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30 Sep 2014
Nanjing 2014 , YOG , IOC News

Equestrian: team gold for Europe, individual title for Fraser

Europe were the winners in the team show jumping competition at Nanjing 2014, while New Zealand’s Emily Fraser scored a tearful triumph after a tense jump‐off in the individual event, just one of the many highlights of an exciting few days at the Xinzhuang Equestrian Venue.

Europe rule the world

The 30 entrants for the equestrian events at Nanjing 2014 were each allocated a horse provided by the YOG Organising Committee, based on lots, with riders and their mounts competing together in both the international and individual events, which each comprised two rounds.

The race for the medals at the Xinzhuang Equestrian Venue began on Tuesday 19 August with the first round of the six-team international competition, with each team made up of five riders and representing a continent, and only the three lowest scores counting towards their overall points totals.

Featuring Matias Alvaro (ITA), Michael Duffy (IRL), Jake Saywell (GBR), Filip Agren (SWE) and Lisa Nooren (NED), the Europe team took the first-day lead with zero faults. South America, represented by Francisco Calvelo Martinez (URU), Antoine Porte (CHI), Valeria Maria Caballero (PAR), Martina Campi (ARG) and Bianca De Souza Rodrigues (BRA), were in second on four faults. Completing the top three, a further four points behind, were the North America team of Polly Serpell (CAY), Macarena Chiriboga Granja (ECU), Sabrina Rivera Mesa (ESA), Stefanie Brand (GUA) and Maria Gabriela Brugal (DOM).

Day two boiled down to a battle for gold between the Europeans and the South Americans, with both teams chalking up clear round after clear round to keep the pressure on each other. The duel was decided when Filip Agren, Europe’s third rider of the day, went clear on Abel, leaving South America to settle for the silver and North America the bronze, as all three teams ended the day without incurring a single fault.

“Watching Filip go clear was something else. I raised my fist in the air and went mad,” recalled Michael Duffy, who was in flawless form on Commander. “I’ve been dreaming of an Olympic medal all my life and to win one at the age of 17 is just amazing. I am so lucky.”

“I can’t tell you how happy I am. I’m so excited,” said Matias Alvaro, who himself had two clear rounds on Montelini. “I dreamed of coming to the Youth Olympic Games when I was a very young boy, and here we are with the gold.”

A bronze medallist with the North America team, Maria Gabriela Brugal said: “I’ve never won a medal before. It’s incredible to do it with all my new friends. I am so happy.”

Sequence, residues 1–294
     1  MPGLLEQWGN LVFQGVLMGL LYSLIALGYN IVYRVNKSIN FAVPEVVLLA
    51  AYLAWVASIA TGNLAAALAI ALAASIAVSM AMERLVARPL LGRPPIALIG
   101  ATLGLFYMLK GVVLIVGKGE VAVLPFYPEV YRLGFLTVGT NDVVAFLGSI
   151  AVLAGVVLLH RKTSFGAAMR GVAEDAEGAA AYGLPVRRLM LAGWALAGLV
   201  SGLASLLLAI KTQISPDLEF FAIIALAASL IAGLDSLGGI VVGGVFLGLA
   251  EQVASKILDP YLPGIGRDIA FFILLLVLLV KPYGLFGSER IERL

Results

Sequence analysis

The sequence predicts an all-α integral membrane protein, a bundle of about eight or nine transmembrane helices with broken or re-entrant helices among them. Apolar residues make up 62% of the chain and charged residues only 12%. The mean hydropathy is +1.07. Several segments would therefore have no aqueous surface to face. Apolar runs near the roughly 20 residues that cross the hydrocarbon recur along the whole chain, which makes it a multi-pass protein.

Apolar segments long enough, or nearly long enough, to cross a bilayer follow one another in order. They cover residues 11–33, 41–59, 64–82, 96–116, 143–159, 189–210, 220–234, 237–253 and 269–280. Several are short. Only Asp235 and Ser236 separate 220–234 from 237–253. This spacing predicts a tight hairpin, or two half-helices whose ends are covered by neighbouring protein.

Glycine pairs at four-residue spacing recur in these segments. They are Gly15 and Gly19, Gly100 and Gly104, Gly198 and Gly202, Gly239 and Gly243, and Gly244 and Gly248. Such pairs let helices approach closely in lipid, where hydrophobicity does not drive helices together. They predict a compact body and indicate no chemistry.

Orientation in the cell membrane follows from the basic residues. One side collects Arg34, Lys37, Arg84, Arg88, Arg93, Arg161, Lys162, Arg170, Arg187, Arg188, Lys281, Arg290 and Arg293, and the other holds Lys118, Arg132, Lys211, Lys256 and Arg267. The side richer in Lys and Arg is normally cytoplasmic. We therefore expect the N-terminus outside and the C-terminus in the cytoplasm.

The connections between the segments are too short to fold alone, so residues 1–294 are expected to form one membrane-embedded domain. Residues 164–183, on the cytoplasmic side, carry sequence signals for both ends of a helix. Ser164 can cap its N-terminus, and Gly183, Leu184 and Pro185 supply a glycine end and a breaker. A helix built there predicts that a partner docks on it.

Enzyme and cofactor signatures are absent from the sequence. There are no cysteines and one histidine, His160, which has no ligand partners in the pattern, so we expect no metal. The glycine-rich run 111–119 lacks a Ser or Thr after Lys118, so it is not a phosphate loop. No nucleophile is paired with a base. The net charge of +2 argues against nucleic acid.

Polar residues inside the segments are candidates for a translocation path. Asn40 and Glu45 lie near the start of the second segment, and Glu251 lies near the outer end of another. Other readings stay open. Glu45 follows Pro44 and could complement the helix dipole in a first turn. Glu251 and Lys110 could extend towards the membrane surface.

Kiwi Fraser jumps for joy

Emotional but overjoyed, New Zealand’s Emily Fraser (NZL) choked back the tears after winning a thrilling jump-off to take the individual show jumping gold medal.

“I just hugged my horse, I was so excited, and I burst into tears,” said the young Kiwi. “I’ve never cried this much but I’m the happiest person alive.”

Cheered on by friends and family, Fraser kept her emotions in check to become the first rider to go clear twice.

She then looked on as Sabrina Rivera Meza (ESA), Martina Campi (ARG) and Australia’s Jake Hunter followed suit, setting up a jump-off in which one of the four athletes would go away empty-handed.

The unfortunate odd one out was Rivera Meza, who saw her medal hopes disappear when double-faulting on Con-Zero.

Partnering Exilio, Fraser said: “I knew one person was going to be the unlucky one and I just hoped it wouldn’t be me. It was really nerve-racking. I kept my head and tried to handle my nerves. I just rode for my life.”

Fraser was the first to go in the jump-off and went clear again in a solid if unspectacular time of 39.75 seconds. It proved too fast for Campi, however. Riding Darina, the Argentinian was 0.20 seconds slower in completing her clear round.

The gold was Fraser’s when Hunter incurred a four-point penalty for dislodging a bar, leaving him with the silver. The Australian was nevertheless delighted with his performance on For The Star and now plans to move to Europe “to fly the Australian flag there”.

“I couldn’t be happier,” he said afterwards. “My horse jumped fantastically. She’s only young and to make the jump-off on a really tough track is fantastic. In the jump-off she got a bit tired but she gave it everything she had.”

Europe’s riders had been expected to figure strongly after winning the international team competition earlier in the week. In the end, however, Ireland’s Michael Duffy was the only European among the nine jumpers to go clear in the first round.

That group included Hong Kong, China’s Chiang Lennard, on DJ. Despite picking up eight faults in the second round, he praised the organisers for putting together a challenging course.

“It was a technical course. The jumps were a decent height and for some horses it was difficult,” said Chiang, who is also heading to Europe to pursue his career. “But there were only eight jumps and it was up to standard. It shouldn’t be too easy at this level.”

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